DAN TEHAN: On the 27th of January the European Union decided to take a dispute against China for their trade practices against Lithuania to the WTO. Now, Australia having had the EU claim has decided to be a party to those consultations. This is something that every country has the right to do, especially when it has interests in this dispute and Australia feels that it has a very strong interest in this dispute that the EU is taking on behalf of Lithuania to the WTO against China.
So, we will attempt to be a party to that dispute, to the consultations which will take place around it. And then we’ll wait and see whether it can be resolved through those consultations or whether further action will be taken by the European Union to progress that dispute.
Now, Australia has taken a very clear stance when it comes to dealing with economic coercion. We think that trade practices which distort exports from any country towards another are wrong and should be stopped. This is the clear position that we’ve taken and will continue to take.
And in that regard that’s why I was very surprised to see the comments by Anthony Albanese recently where he’s called on China to end it’s current practices against some – some – Australian industries that we are currently facing. Now, which industries does he want China to resolve our disputes with and which ones doesn’t he? Is it our Western Australian barley growers, our South Australian wine growers, our fishing industry in Tasmania, our land producers in Victoria, the resources sectors in New South Wales, in Queensland, or our beef producers in the Northern Territory? This is the question that Anthony Albanese must be asked – which of Australia’s regional and rural producers is he prepared to sacrifice in his diplomatic approach? Happy to take any questions.
JOURNALIST: Minister, it’s Fi Willan here from Channel Nine. Do you think that Australia joining this EU case will further sour relations with China, and if it does, do you care?
DAN TEHAN: Obviously we have said all along – all along – that we want to sit down and work through the disputes that we have with China. The first thing I did as Australia’s Trade Minister was write to my Chinese counterpart saying that we want to sit down and I want to sit down with him and work through these disputes and that offer still stands.
But we’ve also made very clear that when it comes to restrictive trade practices that we will stand up for Australian industry and we will stand up for all Australian industries in dealing with these trade disputes. What we’ve been very clear about is that we wouldn’t be prepared to sacrifice Western Australian barley growers or South Australian wine growers or Victorian land producers or Tasmanian fishing industry or our resource sectors in New South Wales and in Queensland and our beef producers in the Northern Territory. We want to make sure that all the restrictive trade practices are lifted, not just some of them.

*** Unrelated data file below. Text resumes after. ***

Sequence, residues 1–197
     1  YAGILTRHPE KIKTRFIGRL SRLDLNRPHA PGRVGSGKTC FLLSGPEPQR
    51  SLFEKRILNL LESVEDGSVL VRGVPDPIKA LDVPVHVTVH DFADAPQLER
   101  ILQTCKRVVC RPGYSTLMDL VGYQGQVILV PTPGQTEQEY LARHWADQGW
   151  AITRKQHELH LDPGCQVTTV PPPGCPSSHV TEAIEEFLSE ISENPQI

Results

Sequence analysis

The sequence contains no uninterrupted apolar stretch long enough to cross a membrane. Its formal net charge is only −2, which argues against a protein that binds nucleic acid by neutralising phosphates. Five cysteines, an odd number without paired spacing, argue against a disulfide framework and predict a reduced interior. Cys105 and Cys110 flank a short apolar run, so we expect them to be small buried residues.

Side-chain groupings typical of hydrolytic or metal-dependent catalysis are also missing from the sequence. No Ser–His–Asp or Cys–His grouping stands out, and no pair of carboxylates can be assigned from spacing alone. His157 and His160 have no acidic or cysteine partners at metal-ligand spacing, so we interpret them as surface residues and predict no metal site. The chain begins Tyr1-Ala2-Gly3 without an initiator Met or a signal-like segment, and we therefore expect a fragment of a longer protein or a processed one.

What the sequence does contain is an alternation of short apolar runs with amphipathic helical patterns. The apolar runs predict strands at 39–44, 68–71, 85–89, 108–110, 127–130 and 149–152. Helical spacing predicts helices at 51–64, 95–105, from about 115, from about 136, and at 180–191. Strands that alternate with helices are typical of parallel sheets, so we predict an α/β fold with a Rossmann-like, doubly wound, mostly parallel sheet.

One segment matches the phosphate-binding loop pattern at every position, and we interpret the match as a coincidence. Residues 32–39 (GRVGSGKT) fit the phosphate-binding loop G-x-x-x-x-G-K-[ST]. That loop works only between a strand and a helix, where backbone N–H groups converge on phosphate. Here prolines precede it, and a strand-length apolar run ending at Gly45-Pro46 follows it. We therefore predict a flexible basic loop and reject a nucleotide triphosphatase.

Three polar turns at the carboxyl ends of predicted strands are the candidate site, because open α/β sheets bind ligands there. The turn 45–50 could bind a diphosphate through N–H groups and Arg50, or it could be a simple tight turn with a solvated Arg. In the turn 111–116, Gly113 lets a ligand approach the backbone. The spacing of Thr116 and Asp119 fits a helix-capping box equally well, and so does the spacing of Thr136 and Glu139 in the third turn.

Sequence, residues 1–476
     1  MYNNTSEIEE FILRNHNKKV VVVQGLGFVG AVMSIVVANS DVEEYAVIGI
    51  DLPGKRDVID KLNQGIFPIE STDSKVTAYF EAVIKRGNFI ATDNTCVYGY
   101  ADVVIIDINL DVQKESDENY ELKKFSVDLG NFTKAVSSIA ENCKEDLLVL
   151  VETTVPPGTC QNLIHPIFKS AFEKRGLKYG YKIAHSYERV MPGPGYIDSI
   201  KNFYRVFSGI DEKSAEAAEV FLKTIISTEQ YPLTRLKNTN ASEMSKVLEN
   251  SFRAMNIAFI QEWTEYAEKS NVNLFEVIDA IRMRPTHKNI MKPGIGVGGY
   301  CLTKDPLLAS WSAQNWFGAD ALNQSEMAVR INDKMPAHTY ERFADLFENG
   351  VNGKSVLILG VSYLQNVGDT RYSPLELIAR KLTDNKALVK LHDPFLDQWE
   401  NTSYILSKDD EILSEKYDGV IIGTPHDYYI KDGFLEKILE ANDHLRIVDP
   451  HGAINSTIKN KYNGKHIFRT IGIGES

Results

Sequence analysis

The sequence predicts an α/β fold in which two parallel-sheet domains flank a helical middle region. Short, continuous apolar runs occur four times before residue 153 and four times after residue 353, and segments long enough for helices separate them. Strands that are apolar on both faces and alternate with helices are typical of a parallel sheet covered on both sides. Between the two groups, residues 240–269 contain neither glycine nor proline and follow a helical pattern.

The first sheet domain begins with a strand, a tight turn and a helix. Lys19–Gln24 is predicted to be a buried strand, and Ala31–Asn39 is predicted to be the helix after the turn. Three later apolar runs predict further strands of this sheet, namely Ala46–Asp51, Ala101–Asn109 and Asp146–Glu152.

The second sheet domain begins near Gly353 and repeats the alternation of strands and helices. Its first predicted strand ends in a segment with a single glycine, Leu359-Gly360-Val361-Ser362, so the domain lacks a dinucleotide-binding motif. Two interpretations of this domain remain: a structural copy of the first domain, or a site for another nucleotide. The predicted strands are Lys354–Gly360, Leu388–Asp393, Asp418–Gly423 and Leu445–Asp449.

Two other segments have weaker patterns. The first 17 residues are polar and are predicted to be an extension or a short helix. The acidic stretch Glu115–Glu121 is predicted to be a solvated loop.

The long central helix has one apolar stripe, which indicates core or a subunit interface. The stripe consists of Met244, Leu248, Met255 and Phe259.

JOURNALIST: Minister, Jen Bechwati from Seven News. Just a question on a different topic: is it fair that foreign diplomats in Canberra get immunity from local prosecution, and should repeat offenders, particularly on the roads, be deported?
DAN TEHAN: Look, obviously there are diplomatic protocols which are put in place globally, and all countries are asked to adhere by those diplomatic protocols. We continue to speak to all diplomats who come to Australia, the need for them to adhere to our rules and our practices, be it on the road or in any other area and for them to abide by the protocols which are put in place. So we will continue to push that incredibly strongly with all the diplomats here – that they abide by the protocols in place. There are diplomatic protocols which govern all countries right across the world, and Australia also has to make sure that it adheres to those protocols as well.
JOURNALIST: Minister, James Massola here from The Age and the Sydney Morning Herald. A question with your tourism hat on: will Kanye West be granted a visa to tour Australia given he’s only had one coronavirus jab?
DAN TEHAN: Well, obviously that is a decision which will be taken by the Minister for Immigration. He will look at that visa application, like he does all other visa applications. And I wouldn’t like to say anything which in any way might prejudice the decision that the Minister for Immigration might take. But I can assure everyone and all Australians that it will be looked at in a diligent manner and, like all visa applications, the applicant would have to adhere to Australian rules and protocols for that visa to be approved.
JOURNALIST: Sorry, minister, if I can just clarify, are you saying that there’s one rule for Novak Djokovic and potentially another for Kanye West?
DAN TEHAN: No, I’m not at all. I’m saying that the Minister for Immigration will make a decision on this, like he does on all visas, and it will be very much done with the proper diligence and a decision taken which shows that he needs to apply in accordance to the rules as they do for everyone. But I wouldn’t like to say anything more on this that in any way might prejudice his decision.
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